Abstract Phytoremediation of hydrocarbon-contaminated soil shows promise as a low-cost alternative to most remediation methods. This study evaluated seedling growth of six crop species in crude oil contaminated soils. The experiments were conducted in a greenhouse. Weathered crude oil was added to an Ipava silt loam soil at the rate of 0 (control), 10, 50 and 100 g of crude oil kg,1 of soil, which was then placed into pots. Irrigation was used to maintain soil moisture at approximately field capacity. Five seeds of Zea mays, Meticago sativa, Lolium perenne, Triticum aestivum, Glycine max or Vicia villosa were sown per pot. The experimental design was completely randomized with five replications per treatment. Germination and seedling height data were recorded on day 7, 14, 21 and 28. Plants were harvested on day 28, separated into shoots and roots and dried to measure biomass. Analysis of variance was used to determine treatment significance. Significant treatment mean values were separated using Tukey's Honestly Significant Difference Test. Based upon percent emergence and plant biomass production in contaminated soil, Z. mays and G. max seedlings show the greatest potential to enhance remediation. [source]

    Impact of the Cropping Systems of a Minor Dry Season on the Growth, Yields and Nitrogen Uptake of Maize (Zea mays L) Grown in the Humid Tropics during the Major Rainy Season

    U. R. Sangakkara
    Abstract A field study evaluated the residual effect of a cropping system in two minor (dry) seasons on the productivity pattern and nitrogen utilization of a maize crop grown in the subsequent major (wet) seasons. The cropping systems established in the minor seasons, where evaporation exceeds rainfall, were either monocultures of maize (Zea mays L), or maize intercropped with either common bean (Phaseolus vulgaris L) or sunhemp (Crotolaria juncea L). In addition, monocultures of two green manures, namely sunhemp (Crotolaria juncea) or Tithonia (Tithonia diversifolia), were established. The residues of maize and beans and the green manures were incorporated at the end of the minor season; at the onset of rains in the major season, maize crops were established on the same plots. Germination of maize was not affected by the previous cropping system. In contrast, crop growth and yields of maize and nitrogen utilization were affected by the previous cropping system. Optimum growth and highest yields were procured in maize that was grown after a green manure crop. Similarly, although the yields were high, the planting of a green manure crop reduced nitrogen utilization by maize in the major season, thereby indicating its potential contribution to sustainability, due to its lower mining of soil nitrogen. On the basis of the results of this two-year study, the impact of cropping systems in minor seasons on the productivity of maize, a very important highland cereal in the tropics, grown under rain-fed conditions in a major season, is presented. [source]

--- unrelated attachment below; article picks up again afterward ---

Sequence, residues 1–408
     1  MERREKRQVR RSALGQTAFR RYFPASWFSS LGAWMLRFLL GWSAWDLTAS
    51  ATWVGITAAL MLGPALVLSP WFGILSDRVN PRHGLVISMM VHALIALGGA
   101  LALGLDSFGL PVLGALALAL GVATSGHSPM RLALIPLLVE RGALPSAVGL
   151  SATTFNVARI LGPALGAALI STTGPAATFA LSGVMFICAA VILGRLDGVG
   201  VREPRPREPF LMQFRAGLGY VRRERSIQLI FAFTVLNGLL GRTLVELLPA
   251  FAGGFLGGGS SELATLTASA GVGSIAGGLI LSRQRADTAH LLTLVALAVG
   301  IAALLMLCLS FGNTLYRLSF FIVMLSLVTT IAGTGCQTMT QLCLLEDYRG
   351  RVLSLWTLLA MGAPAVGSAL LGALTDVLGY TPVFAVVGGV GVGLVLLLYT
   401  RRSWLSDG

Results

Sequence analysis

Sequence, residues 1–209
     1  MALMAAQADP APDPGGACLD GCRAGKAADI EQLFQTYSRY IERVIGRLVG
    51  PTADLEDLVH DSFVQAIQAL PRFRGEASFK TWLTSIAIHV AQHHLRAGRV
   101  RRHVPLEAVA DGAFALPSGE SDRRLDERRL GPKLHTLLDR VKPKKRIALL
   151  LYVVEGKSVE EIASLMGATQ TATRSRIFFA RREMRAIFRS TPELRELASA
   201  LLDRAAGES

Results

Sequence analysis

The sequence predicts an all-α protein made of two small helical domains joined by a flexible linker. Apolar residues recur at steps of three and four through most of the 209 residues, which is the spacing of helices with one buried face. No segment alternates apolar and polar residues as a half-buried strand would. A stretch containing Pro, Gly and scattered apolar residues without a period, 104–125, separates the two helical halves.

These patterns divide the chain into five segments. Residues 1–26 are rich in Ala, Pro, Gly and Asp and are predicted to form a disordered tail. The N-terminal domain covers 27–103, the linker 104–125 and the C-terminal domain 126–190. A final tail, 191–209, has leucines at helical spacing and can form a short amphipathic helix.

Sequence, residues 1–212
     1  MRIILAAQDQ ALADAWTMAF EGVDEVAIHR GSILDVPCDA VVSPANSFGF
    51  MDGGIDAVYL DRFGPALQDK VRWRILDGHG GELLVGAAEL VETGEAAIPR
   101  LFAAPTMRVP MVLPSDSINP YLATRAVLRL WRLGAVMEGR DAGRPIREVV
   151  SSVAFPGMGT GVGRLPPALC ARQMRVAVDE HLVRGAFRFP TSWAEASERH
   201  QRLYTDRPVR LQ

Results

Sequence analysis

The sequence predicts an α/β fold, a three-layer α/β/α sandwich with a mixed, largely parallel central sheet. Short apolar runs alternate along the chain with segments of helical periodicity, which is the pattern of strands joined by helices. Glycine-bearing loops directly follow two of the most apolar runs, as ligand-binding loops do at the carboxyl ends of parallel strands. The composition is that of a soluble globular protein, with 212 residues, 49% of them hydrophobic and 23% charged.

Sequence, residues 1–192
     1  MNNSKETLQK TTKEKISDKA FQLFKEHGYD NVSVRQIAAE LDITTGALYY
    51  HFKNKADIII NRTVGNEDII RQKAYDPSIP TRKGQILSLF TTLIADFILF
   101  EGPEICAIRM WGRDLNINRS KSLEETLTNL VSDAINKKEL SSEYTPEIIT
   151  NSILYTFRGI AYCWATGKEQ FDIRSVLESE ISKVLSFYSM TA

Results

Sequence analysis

Allelopathic Effects of Parthenium hysterophorus Extracts on Seed Germination and Seedling Growth of Eragrostis tef

    T. Tefera
    The present study was conducted to investigate the allelopathic effects of Parthenium hysterophorus weed on seed germination and seedling growth of tef. Flower, stem, root and leaf aqueous extracts of Parthenium at 0, 1, 5, and 10 % concentrations were applied to determine their effect on tef seed germination and seedling growth under laboratory conditions. Increasing concentrations of aqueous extracts of Parthenium from leaf and flower inhibited seed germination and complete failure of seed germination was recorded when the extract concentration from the leaf part was 10 %. In contrast, aqueous extracts from stem and root had no effect on tef seed germination. Roots appeared more sensitive to allelopathic effect than shoots. Extracts from flower, root and stem had a stimulatory effect on shoot length at all concentration levels, as against an inhibitory effect of leaf extracts. Root extracts at low concentration (1 %) greatly promoted root length but aqueous extracts from leaf and flower inhibited root length. [source]